Miller served as President of the Washington, DC NAACP Branch for six years, and as a member of the National NAACP Board of Directors since 2008. On the Board of Directors, she serves as a member of the Executive Committee and as Chair of the Advocacy and Policy Committee, and she played a significant role in the creation of the NAACP’s Game Changers.

Miller will begin her role as Interim President and CEO and assume day-to-day responsibility for the Association on November 1st, according to the transition plan approved by the National Board of Directors. Jealous’ tenure with the Association will end officially on December 31.

Parent Category: ROOT
Category: News

October 24, 2013

By Barrington M. Salmon

Special to the NNPA from The Washington Informer


WASHINGTON – Professor Ron Walters would have been right at home at a two-day conference marking the official launch of the Ronald W. Walters Leadership & Public Policy Center at Howard University.

Throughout the days and well into the nights of Oct. 9-11, scholars, friends, former students, mentees and admirers of Walters sat in on panel discussions, listened to and participated in scholarly debates, and frank exchanges about issues of concern and importance to African Americans, Africans and others in the Black Diaspora. Conferees from around the country examined public policy issues, politics, race, criminal justice, law, leadership and current events.

Everywhere people gathered, Walters’ spirit of inquiry, curiosity and intellectual vigor was evident at the Ronald W. Walters Legacy Conference. And common refrains that suffused the panel discussions, lectures, and presentations were “What would Dr. Walters say?” “What would Dr. Walters do?” and “What would Dr. Walters think?”

The Legacy Conference took place against the backdrop of a partial government shutdown by conservative and Tea Party members of the House Republican Caucus; sustained personal attacks by conservatives and critics of President Barack Obama; voter suppression; an activist Supreme Court that had invalidated a key section of the historic Voting Rights Act; and actions by the conservative wing of the GOP panelists said was designed to turn back the clock.

All of these issues, conferees said, were part and parcel of what Walters tackled head-on, advocated and worked against, explained and taught about.

Walters distinguished himself as an internationally recognized political scientist and activist who left behind a stellar legacy as a scholar, teacher, writer, political activist and researcher when he died in September 2010. Sought after by a wide array of politicians, candidates and organizations, Walters is revered by colleagues, admirers and students as a potent, powerful and persuasive intellectual who never lost the common touch.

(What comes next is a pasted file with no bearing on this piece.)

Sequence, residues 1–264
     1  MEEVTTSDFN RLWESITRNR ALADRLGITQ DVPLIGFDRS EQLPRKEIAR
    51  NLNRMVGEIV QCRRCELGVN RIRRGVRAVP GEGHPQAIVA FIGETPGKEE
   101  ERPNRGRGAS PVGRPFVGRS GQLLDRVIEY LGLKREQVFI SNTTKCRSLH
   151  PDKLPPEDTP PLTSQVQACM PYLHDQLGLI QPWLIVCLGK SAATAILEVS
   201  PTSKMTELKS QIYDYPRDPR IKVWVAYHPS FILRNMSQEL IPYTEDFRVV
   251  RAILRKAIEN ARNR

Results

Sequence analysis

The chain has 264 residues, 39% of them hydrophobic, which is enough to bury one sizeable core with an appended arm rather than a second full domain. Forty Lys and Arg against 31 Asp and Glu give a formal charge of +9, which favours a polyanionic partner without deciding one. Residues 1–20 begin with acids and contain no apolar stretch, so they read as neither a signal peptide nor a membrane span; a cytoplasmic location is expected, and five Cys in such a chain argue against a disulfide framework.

Elsie L. Scott said Walters deserves every accolade, honor and recognition because of how he carried himself and for the life he lived.

“He was a modest man. When you’d see him, you wouldn’t know he was a giant of a man,” said Scott, founding director of the Ronald W. Walters Leadership & Public Policy Center. “Newer leaders want to wave their flag to let [people] know they’re there, but he would come into a room and sit to the side. He was honest and principled, and never strayed from his basic beliefs. He didn’t try to get on talk shows. He was always looking for outlets for his work.”

Scott, former president and CEO of the Congressional Black Caucus Foundation, said Walters was always very supportive of the Black community.

“The guiding principle of his life was to liberate,” she explained.

The Ronald W. Walters Leadership & Public Policy Center was established by Howard University a year ago to serve as an interdisciplinary entity that will preserve Walters’ legacy. It will also serve as a focal point for research, policy discussions, publications, leadership development activities and service at the nexus of African-American engagement in the U.S. political process and American and foreign policy.

During a public forum and roundtable discussion at Howard’s Cramton Auditorium on Thursday evening, Joe Madison, Professor Michael Eric Dyson, April Ryan, and George E. Curry reminisced about Walters, his impact on their lives, his principled political activism, his legacy and the large shadow he cast.

Stephanie Brown Jones, CEO of Vestige Strategies, LLC., moderated the Oct. 10 interactive conversation  and asked a series of questions related to political and social issues that stimulated a vigorous conversation.